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Squiggly Lines Tell a Story

Squiggly Lines Tell a Story

| December 07, 2017

There are two indicators I would like to address today that describe the market landscape almost completely.  These two readings tell us more about the market environment than most the other different indicators.  The Money Market Percentile Rank (MMPR) means the level of strength of the Money Market asset class versus all other asset classes. Core Percentile Rank (CorePR) means the level of strength of the cloud of S&P 500 US stocks “at” versus all other asset classes.  This knowledge gives us insight into what type of market we are experiencing currently.  

Here, as an example of the readings in the 2007-2008 timeframe, you can see the MMPR average reading with the bolder red line and you can see the CorePR average reading with its bolder blue line. 

For U.S. equity investors, a high blue line is a positive condition and points to a beneficial period for the market as the Core of the equity market is pumping on all pistons with larger cap US stocks providing a stable platform for other asset classes.  A low blue line points to a dangerous period for equity investors.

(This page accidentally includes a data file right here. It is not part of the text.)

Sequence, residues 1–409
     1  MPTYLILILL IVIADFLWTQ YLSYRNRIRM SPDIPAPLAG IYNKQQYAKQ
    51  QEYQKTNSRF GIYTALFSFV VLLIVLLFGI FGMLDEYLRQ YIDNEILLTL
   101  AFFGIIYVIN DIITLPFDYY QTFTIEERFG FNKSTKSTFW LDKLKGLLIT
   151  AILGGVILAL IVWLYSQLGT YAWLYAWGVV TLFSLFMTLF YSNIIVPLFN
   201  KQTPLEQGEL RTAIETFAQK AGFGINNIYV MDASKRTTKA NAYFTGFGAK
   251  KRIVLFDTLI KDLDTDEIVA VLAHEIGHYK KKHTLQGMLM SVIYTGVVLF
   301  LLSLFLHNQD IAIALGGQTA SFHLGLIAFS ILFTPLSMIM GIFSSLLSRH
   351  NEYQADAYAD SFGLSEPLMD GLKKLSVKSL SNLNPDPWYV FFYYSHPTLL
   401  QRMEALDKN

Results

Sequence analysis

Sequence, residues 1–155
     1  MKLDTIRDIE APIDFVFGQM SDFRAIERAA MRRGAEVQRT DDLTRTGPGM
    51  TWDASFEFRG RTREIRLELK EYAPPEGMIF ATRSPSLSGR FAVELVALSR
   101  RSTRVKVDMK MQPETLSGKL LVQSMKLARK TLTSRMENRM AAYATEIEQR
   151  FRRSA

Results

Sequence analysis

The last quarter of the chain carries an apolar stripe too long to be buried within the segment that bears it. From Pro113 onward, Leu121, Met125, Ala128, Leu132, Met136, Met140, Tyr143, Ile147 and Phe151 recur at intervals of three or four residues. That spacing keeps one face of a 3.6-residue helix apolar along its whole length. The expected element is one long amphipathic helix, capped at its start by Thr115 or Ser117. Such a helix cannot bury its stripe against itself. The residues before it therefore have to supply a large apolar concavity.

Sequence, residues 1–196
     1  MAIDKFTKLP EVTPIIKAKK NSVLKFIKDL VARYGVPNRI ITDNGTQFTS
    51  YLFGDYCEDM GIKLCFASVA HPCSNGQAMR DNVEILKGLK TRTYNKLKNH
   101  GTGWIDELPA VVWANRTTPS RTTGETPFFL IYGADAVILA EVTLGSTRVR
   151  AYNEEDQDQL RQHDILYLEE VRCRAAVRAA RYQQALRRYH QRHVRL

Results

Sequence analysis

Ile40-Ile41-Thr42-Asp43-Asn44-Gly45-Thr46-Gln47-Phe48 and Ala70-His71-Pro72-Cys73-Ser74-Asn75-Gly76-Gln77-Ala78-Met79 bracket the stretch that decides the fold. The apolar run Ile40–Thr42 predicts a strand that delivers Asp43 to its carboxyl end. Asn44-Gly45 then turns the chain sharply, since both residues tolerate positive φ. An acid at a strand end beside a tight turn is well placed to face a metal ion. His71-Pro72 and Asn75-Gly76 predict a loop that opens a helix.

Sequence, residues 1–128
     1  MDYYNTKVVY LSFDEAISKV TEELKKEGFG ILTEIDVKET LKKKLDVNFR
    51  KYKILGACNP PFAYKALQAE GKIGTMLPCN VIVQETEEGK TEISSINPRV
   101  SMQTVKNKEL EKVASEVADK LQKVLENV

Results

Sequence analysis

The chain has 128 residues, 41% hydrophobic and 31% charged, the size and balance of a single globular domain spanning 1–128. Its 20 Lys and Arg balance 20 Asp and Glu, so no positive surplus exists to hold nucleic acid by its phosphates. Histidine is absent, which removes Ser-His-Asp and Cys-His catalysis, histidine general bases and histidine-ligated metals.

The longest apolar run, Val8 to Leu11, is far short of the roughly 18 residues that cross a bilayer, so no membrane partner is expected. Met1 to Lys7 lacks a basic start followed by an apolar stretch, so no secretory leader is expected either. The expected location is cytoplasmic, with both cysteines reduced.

A low red line is beneficial to all types of investors as the MMPR readings show that Cash is not in favor; rather, all other asset classes are preferred.  A high red line means that Cash is more dominant and the average investor should not be participating in the mainline equity market. 

As shown on the graph, the blue line or the CorePR fell below 40% at the end of the summer of 2007.  This turned out to be disastrous for the average investor because their main anchor of investment is the Cap Weighted S&P 500.  The blue line was also below the red line in mid-2007 demonstrating that the Core of the US market was not even as strong as a money market fund.  As the blue line sank deeper and deeper, any strategy pegged to the long side of the S&P 500 benchmark was doomed.  By the first day of 2008, most investors were in trouble, but didn’t realize it yet because the real burn down was eight or so months further down the road.

By the 4th quarter of 2007, the red Line was already dominating the blue line and its voyage through 2008 ultimately reached a virtual 100%, which meant that 100% of any investors holding the long side of the equity market were at maximum risk.  Virtually all investment strategies failed miserably as the correlations of numerous asset classes (excluding Cash) moved to 1.

Keep in mind that in 2007, no one was concerned with the dark cloud that actually loomed ahead. As we stand today the CorePR is at 70%, an excellent strength level.  The MMPR is about 5%, an excellent level that describes the big appetite for the market to want to take risks.  The current “landscape” is seen as positive.  Remember, however, that when things go wrong, things go wrong fast.

Until next time, cheers!